Proposal for Vermont to buy power dams appears dead

By Dave Gram, Associated Press

A proposal to have Vermont buy a series of 13 power dams on the Connecticut and Deerfield rivers in hopes of stabilizing power prices appears to be dead.


MONTPELIER, Vt. (AP) — A proposal to have Vermont buy a series of 13 hydroelectric power dams on the Connecticut and Deerfield rivers in hopes of stabilizing power prices appears to be dead.

Instead, state officials are talking about pursing a long-term power purchase from the entity that ends up owning the properties.

Administration Secretary Justin Johnson, chairman of a special working group looking at buying the series of hydro stations that energy giant TransCanada has put up for sale, provided that update in an interview this week.

While a purchase price estimated at $800 million to $1.2 billion would be too much for Vermont to swallow, Johnson said there's strong interest in buying power generated by the dams from their future owner.

"Obviously we're very interested as a group in seeing what a long-term agreement would look like," Johnson said.

Interest in the dams, which the state and a private partner tried to buy before being outbid by TransCanada a little over a decade ago, was rekindled in March with news that TransCanada was trying to sell power generation properties in the northeastern United States to raise money to buy a Texas-based natural gas company.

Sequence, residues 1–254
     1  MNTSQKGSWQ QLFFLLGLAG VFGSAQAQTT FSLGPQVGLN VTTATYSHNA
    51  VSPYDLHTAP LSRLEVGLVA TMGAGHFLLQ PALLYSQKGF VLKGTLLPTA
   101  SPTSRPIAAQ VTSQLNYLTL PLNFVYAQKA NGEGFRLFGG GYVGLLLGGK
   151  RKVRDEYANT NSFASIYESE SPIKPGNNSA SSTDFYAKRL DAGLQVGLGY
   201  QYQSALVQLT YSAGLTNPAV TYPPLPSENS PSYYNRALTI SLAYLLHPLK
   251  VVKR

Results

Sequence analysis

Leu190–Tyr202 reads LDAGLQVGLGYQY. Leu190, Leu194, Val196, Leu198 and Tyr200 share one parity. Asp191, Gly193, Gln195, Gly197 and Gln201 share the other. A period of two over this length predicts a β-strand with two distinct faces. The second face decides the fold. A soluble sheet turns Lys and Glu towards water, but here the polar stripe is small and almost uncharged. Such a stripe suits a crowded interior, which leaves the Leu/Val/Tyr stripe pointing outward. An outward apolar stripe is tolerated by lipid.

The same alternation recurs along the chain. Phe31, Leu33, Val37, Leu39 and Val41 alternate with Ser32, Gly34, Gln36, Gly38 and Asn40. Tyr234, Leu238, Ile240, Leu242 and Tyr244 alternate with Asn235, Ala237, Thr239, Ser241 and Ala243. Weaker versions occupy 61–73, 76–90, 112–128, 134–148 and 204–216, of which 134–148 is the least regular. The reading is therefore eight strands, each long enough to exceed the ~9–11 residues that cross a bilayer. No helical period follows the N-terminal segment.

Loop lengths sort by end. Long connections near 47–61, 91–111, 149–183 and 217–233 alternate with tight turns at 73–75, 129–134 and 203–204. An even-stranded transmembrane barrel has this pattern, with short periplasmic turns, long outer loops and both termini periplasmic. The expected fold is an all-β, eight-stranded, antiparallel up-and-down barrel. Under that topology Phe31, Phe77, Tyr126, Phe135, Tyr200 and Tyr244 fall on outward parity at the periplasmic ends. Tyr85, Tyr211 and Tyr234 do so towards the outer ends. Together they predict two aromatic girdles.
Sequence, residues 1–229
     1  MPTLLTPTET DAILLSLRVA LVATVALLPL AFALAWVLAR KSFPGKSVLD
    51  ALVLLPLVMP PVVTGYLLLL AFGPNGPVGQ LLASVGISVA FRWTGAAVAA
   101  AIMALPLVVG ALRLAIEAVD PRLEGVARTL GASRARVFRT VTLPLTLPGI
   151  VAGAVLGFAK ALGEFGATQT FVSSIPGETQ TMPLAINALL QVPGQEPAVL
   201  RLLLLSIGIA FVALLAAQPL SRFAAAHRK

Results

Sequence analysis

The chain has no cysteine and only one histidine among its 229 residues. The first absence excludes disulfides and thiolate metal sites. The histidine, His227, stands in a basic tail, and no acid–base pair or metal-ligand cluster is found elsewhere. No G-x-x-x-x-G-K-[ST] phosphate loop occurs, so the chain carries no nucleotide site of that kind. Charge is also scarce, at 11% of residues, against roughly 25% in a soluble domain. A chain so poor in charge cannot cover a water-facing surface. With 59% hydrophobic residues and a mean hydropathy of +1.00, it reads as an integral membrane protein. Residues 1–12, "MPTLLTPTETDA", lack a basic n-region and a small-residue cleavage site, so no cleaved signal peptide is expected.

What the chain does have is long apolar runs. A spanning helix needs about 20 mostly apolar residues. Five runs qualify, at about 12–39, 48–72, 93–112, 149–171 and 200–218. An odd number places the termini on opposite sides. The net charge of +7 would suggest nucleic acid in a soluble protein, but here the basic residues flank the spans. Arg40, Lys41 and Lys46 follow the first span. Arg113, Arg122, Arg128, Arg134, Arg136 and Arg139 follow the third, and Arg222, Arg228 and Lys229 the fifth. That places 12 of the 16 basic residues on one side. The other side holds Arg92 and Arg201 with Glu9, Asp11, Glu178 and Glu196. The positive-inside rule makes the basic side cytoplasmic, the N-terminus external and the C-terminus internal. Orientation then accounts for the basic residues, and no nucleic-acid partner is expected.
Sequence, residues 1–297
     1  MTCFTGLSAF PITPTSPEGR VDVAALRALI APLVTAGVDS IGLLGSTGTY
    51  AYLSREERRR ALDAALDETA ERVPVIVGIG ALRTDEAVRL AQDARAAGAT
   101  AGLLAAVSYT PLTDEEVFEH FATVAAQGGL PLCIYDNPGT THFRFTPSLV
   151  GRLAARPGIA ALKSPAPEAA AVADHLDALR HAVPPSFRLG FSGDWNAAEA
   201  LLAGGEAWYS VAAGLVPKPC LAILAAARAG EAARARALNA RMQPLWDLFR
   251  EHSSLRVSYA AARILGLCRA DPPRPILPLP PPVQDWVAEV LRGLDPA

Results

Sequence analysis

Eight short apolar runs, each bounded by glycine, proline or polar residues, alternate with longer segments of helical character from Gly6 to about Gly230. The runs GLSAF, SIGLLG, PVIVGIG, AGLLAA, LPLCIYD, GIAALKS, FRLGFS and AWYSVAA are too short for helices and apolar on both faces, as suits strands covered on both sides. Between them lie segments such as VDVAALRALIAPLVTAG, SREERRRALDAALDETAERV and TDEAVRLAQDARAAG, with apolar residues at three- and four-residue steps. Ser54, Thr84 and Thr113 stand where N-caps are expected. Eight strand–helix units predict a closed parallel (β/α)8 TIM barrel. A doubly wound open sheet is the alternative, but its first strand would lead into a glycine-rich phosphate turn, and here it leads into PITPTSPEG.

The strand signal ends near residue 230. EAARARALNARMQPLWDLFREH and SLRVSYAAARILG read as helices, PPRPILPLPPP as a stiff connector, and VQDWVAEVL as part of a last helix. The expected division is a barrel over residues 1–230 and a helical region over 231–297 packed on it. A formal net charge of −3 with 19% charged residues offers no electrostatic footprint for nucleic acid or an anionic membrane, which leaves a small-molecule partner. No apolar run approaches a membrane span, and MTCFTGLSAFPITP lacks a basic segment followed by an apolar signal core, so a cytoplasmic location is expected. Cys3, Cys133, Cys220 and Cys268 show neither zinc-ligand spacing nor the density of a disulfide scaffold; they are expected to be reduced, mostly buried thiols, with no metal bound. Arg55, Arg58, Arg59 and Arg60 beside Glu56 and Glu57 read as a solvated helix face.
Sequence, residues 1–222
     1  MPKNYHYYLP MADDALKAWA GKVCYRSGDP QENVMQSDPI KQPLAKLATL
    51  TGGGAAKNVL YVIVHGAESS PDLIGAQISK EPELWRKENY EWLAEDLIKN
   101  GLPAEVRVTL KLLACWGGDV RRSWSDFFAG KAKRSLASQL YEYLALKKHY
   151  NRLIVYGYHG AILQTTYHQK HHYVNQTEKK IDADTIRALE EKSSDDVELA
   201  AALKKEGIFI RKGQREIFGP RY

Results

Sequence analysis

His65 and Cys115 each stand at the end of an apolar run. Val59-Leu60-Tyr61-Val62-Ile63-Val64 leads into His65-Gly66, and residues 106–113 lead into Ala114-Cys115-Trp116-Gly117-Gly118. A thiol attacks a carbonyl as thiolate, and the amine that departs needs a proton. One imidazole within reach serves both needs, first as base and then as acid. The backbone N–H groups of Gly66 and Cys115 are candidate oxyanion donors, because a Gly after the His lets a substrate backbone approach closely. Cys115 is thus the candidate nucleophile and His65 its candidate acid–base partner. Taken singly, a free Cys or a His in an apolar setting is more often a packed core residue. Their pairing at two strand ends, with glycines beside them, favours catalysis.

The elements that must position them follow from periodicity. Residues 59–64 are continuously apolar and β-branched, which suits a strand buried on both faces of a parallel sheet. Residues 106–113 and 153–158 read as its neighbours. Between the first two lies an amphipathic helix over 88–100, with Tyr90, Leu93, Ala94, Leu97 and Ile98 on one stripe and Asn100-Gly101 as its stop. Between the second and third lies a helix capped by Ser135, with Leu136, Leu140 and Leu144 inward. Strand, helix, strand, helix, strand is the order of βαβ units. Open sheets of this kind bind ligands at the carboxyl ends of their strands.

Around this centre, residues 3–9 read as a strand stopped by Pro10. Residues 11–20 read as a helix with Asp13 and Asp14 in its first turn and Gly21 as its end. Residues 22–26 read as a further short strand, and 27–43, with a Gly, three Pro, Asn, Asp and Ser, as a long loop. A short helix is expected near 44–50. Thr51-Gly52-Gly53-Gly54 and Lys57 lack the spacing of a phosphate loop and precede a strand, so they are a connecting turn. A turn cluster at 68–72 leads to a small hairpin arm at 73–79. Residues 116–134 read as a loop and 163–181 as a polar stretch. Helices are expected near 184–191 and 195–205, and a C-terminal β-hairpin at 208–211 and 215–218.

Johnson said one impediment was that several of the properties lie partly or completely out of state. New Hampshire owns the Connecticut River to the Vermont bank, so the dams on the river's main stem north of Massachusetts are mainly in that state. Johnson said there would be stronger interest if Vermont could buy the three Deerfield River dams located wholly within Vermont.

Former state Sen. Vincent Illuzzi led the push for the state to buy the dams in 2003 to 2005 and served on the working group giving the idea a second look this summer.

He said both the price tag and the speed with which the private sector operates may be hurdles for a government purchase of the properties.

"Most of the interested buyers essentially can write a check if they are the successful bidder," Illuzzi said. "State government needs to issue bonds. It's a much more time-consuming process."

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